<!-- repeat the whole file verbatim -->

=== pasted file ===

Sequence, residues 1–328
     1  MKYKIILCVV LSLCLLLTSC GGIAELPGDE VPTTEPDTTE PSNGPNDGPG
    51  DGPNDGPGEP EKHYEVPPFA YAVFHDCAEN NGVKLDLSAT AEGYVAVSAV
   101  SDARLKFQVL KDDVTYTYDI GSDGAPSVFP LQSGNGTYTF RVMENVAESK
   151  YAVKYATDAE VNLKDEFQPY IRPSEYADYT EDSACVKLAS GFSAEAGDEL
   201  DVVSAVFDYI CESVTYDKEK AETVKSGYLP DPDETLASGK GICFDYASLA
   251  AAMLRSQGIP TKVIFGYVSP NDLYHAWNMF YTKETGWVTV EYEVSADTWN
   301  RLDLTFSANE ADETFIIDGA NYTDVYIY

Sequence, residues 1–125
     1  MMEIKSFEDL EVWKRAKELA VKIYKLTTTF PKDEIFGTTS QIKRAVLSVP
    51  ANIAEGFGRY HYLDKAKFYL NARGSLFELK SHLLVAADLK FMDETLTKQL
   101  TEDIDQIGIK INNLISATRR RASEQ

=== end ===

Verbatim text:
Sequence, residues 1–328
     1  MKYKIILCVV LSLCLLLTSC GGIAELPGDE VPTTEPDTTE PSNGPNDGPG
    51  DGPNDGPGEP EKHYEVPPFA YAVFHDCAEN NGVKLDLSAT AEGYVAVSAV
   101  SDARLKFQVL KDDVTYTYDI GSDGAPSVFP LQSGNGTYTF RVMENVAESK
   151  YAVKYATDAE VNLKDEFQPY IRPSEYADYT EDSACVKLAS GFSAEAGDEL
   201  DVVSAVFDYI CESVTYDKEK AETVKSGYLP DPDETLASGK GICFDYASLA
   251  AAMLRSQGIP TKVIFGYVSP NDLYHAWNMF YTKETGWVTV EYEVSADTWN
   301  RLDLTFSANE ADETFIIDGA NYTDVYIY

Sequence, residues 1–125
     1  MMEIKSFEDL EVWKRAKELA VKIYKLTTTF PKDEIFGTTS QIKRAVLSVP
    51  ANIAEGFGRY HYLDKAKFYL NARGSLFELK SHLLVAADLK FMDETLTKQL
   101  TEDIDQIGIK INNLISATRR RASEQ